In Conversation with Zaffar Shah

Junaid Nabi Bazaz  Authint Mail

Senior Lawyer Zaffar Ahmad Shah speaks to Authint Mail about why Afzal Guru’s hanging was a murder of justice, the extrajudicial consideration that led to his execution and its larger ramifications on the people of Kashmir who are looking up to Indian courts for delivering justice.
AM:  As a senior lawyer, what is your opinion on the judgment that was pronounced by the Supreme Court of India in Mohammad Afzal Guru’s case? Many people called it a judicial murder! What are your views?
ZS: The question as to whether the judgment of a court is right or wrong depends upon several factors. One is the kind of evidence which is produced by the prosecution in a court. If the prosecution evidence establishes guilt of an accused, then only he can be convicted. Now reportedly in the case of Afzal Guru, the prosecution had not produced any credible evidence so as to connect Afzal with the crime alleged against him. So, as a result of lack of evidence or existence of only scanty evidence, the court in recording conviction against Afzal Guru, there were several flaws during the course of a trial which has resulted in miscarriage of justice in this case.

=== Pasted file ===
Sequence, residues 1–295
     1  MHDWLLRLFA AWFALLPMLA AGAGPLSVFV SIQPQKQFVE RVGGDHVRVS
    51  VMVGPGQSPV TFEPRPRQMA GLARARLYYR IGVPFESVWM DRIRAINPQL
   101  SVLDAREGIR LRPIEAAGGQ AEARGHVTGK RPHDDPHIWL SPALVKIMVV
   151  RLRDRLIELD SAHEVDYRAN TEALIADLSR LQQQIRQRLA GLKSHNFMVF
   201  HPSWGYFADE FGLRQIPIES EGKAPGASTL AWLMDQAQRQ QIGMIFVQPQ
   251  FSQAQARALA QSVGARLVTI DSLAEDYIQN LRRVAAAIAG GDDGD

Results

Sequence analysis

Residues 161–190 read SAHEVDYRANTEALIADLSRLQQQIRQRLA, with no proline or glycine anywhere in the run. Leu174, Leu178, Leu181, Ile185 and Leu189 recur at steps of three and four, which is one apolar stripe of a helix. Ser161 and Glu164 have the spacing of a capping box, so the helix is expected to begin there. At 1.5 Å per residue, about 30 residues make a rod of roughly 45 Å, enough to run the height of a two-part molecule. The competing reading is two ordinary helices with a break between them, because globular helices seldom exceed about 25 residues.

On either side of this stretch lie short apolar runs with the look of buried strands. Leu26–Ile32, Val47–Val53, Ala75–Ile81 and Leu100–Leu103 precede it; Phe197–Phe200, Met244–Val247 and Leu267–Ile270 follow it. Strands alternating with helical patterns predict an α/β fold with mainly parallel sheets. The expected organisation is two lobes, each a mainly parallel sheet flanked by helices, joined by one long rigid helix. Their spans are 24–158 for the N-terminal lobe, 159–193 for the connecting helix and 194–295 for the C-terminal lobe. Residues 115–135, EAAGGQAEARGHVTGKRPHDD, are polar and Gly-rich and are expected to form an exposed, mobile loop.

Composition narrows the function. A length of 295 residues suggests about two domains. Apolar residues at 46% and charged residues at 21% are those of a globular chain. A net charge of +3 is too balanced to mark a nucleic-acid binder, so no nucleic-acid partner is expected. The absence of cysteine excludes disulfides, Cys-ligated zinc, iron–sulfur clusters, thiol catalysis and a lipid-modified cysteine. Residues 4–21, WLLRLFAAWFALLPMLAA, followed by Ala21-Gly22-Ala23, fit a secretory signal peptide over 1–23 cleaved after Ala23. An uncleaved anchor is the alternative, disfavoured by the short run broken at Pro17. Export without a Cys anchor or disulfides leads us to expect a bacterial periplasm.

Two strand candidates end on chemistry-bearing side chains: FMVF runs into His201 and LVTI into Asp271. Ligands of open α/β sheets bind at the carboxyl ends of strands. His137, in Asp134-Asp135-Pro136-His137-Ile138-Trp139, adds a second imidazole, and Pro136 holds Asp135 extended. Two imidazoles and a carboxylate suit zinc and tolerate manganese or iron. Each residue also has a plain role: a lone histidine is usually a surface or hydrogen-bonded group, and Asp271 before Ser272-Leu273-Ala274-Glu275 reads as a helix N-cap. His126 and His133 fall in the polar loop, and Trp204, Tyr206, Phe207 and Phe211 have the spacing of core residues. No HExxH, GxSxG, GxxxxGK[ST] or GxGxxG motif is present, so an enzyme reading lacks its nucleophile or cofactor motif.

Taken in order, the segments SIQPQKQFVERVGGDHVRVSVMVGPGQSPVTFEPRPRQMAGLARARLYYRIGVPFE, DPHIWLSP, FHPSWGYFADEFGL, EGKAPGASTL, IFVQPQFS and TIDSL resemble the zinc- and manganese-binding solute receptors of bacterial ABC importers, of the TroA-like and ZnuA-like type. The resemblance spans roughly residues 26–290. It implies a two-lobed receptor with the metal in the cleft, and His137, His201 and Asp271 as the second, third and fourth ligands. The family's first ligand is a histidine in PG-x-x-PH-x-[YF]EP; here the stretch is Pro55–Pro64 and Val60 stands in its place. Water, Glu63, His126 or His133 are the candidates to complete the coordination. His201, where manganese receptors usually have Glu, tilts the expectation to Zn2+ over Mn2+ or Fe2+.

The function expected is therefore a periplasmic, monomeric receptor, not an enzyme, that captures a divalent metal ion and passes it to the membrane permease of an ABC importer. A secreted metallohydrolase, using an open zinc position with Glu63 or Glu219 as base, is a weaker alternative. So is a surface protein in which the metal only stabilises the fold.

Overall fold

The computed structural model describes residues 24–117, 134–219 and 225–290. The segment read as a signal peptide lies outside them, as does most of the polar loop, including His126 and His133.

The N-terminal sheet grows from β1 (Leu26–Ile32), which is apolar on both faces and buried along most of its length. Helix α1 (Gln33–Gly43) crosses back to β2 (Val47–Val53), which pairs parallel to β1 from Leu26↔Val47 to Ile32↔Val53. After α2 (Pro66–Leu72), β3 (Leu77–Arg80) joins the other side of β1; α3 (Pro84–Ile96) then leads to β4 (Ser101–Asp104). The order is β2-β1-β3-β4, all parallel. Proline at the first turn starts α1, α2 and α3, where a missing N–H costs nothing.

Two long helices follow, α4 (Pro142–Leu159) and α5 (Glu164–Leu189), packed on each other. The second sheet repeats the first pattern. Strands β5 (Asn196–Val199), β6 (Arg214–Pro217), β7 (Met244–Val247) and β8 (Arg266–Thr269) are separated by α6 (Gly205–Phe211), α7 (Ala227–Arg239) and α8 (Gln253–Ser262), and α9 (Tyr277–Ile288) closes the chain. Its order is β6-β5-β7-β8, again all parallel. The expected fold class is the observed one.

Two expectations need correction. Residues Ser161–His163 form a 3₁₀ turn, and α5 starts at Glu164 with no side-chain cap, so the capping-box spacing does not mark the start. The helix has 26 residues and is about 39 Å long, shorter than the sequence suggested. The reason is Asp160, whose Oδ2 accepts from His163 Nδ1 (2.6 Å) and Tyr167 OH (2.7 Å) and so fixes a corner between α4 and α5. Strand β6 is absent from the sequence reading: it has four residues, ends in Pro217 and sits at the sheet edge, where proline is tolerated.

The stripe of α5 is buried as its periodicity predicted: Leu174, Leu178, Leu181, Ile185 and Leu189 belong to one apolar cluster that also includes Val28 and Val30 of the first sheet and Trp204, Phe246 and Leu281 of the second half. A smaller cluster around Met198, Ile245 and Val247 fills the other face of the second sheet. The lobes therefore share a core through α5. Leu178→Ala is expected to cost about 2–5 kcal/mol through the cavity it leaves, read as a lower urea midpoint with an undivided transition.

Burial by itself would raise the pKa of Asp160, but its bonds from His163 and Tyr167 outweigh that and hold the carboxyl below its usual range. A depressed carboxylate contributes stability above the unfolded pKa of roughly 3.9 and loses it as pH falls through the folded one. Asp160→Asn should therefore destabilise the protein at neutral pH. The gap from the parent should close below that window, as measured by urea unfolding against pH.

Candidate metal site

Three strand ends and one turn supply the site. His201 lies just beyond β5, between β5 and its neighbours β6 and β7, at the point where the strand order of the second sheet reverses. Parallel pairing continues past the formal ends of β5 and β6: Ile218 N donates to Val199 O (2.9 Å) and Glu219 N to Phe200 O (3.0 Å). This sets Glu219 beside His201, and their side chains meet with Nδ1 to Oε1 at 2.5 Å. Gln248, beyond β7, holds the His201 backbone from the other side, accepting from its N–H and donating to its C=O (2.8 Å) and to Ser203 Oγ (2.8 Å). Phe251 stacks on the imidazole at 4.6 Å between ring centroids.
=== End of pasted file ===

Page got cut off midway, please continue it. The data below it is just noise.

AM: After his hanging, people raised important questions about the lack of legal resources provided by the Kashmir’s separatist leaders to Afzal Guru who they now clam as their hero. What were the options available to save Afzal from going to gallows?
ZS: Any person against whom any kind of criminal allegation is made, such person, under law, is required to be tried by a court. Now, every accused also has a right to engage a lawyer of his choice. There is constitutional guarantee available to an accused. So, when the separatists talk about it, what they essentially mean is that when the case was lodged against Afzal by prosecution at Delhi, the family members or Afzal could have expressed a choice about the lawyer and whether the lawyer was to be paid or not to be paid, or what expenses were required to be provided to lawyer. Perhaps those arrangements could have been made by public donations. In my opinion, perhaps no such request was made by Afzal Guru or his family members to any of the lawyers; whether to the Bar Association or otherwise who practice in Jammu and Kashmir. Now, no lawyer at his own can appear in a case unless his services are engaged by the accused concerned. The family members of Afzal, it appears to me, didn’t chose to engage any lawyer from the state. It also appears to me, though I don’t have any knowledge about that, whether the family members approached any of the lawyers in the state of Jammu and Kashmir to defend Afzal at Delhi. What I was told was that the choice of the lawyer was made there in Delhi itself by the family. So, whatever separatists say, I don’t know whether separatists were taken into confidence by Afzal’s family or not when the trial was started against him at Delhi.    
AM: Few days back, the death sentence in 13 cases was commuted by Supreme Court of India. The mercy petition of five among them was pending for lesser time than Afzal’s clemency was with the Indian president. If Afzal had been alive, it could have saved his life too?